plugin developers put high priority and low priority routes into the
routes.rb file. I still stress though that the idea behind plugins
should be one of creating before and after hooks for key methods, not of
mixing back into the system by modifying default pieces of rails.

As far as installing and modifying plugins go I think I'm now more

on the side of using the already existing plugin system that rails has
in place and then just using a special rake task to do the plugin
migrations up and down. This is the easiest way to ensure that Radiant
does not become a beast to maintain and support as rails and radiant
both grow, which is the #1 priority in my opinion.

How about just extending the default rake migration task to also include
the migrations of all Radiant plugins?

I don't want to do that since every time a new version of rails

comes out with modifications to the rake tasks Radiant would have to
upgrade it’s ‘special’ tasks file so that it would have all of the
capabilities of the newer version of rails. This would lead to things
like Radiant being on 1.0.0 and Rails being on 1.1.3 since no one has
had the time to fix the pieces that are changed. That is why it is
important to simply leave the Rails system completely intact and
unchanged. It would be easy enough to put tasks into the lib/tasks
directory (which gets automatically searched by rake) and just do ‘rake
radiant:migrate’ or something like that. Then new tasks could be easily
added to the ‘radiant’ task namespace.

Migrations are going to take more work than just that. I think there

is going to need to be a special table where radiant can remember which
plugin migrations it has run by plugin name and file name so that
running the rake task never attempts to re-migrate. This is also the
only way to not have them be versioned.

I'm not entirely sure that callbacks are the right solution to the

view problem but I know that they are quick and easy to implement and
getting something done is better than nothing. I know a lot of people
are trying to extend radiant right now so this is a pretty hot topic and
I just wanted to put in my proposal…:slight_smile:

I will be working on these things very soon and I will look at your

Josh F.

Actually yeah I’m working on this right now. I am using a bit of code
from the engines plugin. I am modifying this:

module ::ActionView
class Base
def full_template_path(template_path, extension)

    # If the template exists in the normal application directory,
    # return that path
    default_template = "#{@base_path}/#{template_path}.#{extension}"
    return default_template if File.exist?(default_template)

    # Otherwise, check in the engines to see if the template can be

found there.
# Load this in order so that more recently started Engines will
take priority.
Engines.each(:precidence_order) do |engine|
site_specific_path = File.join(engine.root, ‘app’, ‘views’,
template_path.to_s + ‘.’ + extension.to_s)
return site_specific_path if File.exist?(site_specific_path)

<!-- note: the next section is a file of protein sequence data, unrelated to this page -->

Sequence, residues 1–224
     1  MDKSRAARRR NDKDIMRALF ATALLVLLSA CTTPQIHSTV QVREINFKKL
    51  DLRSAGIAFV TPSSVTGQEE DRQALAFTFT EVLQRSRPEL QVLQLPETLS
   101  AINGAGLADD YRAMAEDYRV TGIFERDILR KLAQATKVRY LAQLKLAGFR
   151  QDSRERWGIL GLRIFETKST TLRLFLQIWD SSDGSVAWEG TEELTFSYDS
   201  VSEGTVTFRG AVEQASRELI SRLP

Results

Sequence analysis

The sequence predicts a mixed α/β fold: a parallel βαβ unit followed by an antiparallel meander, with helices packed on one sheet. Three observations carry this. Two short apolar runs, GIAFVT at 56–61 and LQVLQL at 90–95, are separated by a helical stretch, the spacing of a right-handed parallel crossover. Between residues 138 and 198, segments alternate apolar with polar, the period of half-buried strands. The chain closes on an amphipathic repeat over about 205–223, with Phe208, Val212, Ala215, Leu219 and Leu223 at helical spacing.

# If it cannot be found anywhere, return the default path, where 

# user should have put it.
return “#{@base_path}/#{template_path}.#{extension}”

I am packaging this into a plugin called ‘radiant_plugins’ that will
also include all of the helper callbacks and stuff so that everyone can
drop this into their radiant installation and build plugins with it. Yes
I know even the plugin system is a plugin, kinda crazy.

Josh F.

On 29-Jun-2006 09:20 +1000, Daniel S. was heard to say:

The Bounty Source svn browser (https://bssvnbrowser.bountysource.com/)
registers itself at a route. It does this fairly badly, but it does it.
I haven’t really looked deeply at the implementation of what they do (I
think they’re aliasing methods in the core routing class) but they add a
controller complete with views to your app. Maybe it’s a good place to
look for ideas.

They uses a similarly bad method as I use in my patch, though less
flexible. They also have the same problem I am trying to solve right now
which is that as soon as you change the template_root of a controller,
also tries to find layouts in this new root. This is not always desired
in Radiant’s case, where I’d like to use Radiant’s administration layout
provide my own views. Any ideas on how to solve that cleanly?


Oh yeah I forgot to mention if in your plugin directory require a file
that has normal routing stuff in it you can add and probably override
routes pretty easily. Take a look at the radiant routes file for more
examples of how John prefers to do his routes…:slight_smile:

ActionController::Routing::Routes.draw do |map|
map.with_options(:controller => ‘admin/page’) do |page|
page.comments ‘admin/pages/comments/:id’, :action => ‘comments’

Josh F.

That’ll teach me to say things before I get them running…:wink:


On 28-Jun-2006 20:01 -0400, Josh F. was heard to say:

ActionController::Routing::Routes.draw do |map|
map.with_options(:controller => ‘admin/page’) do |page|
page.comments ‘admin/pages/comments/:id’, :action => ‘comments’

If you look at the implementation of the draw method you see that it
actually overwrites the routes that have been specified before. Hence,
the plugin routes have been created they get overwritten by the
routes since they are loaded after the plugins. Also, the plugin routes
should have higher priority than the application routes, since one
assume they only “improve” the application and the last route in the
application route matches all request URL that have not been matched
so appending routes doesn’t work either.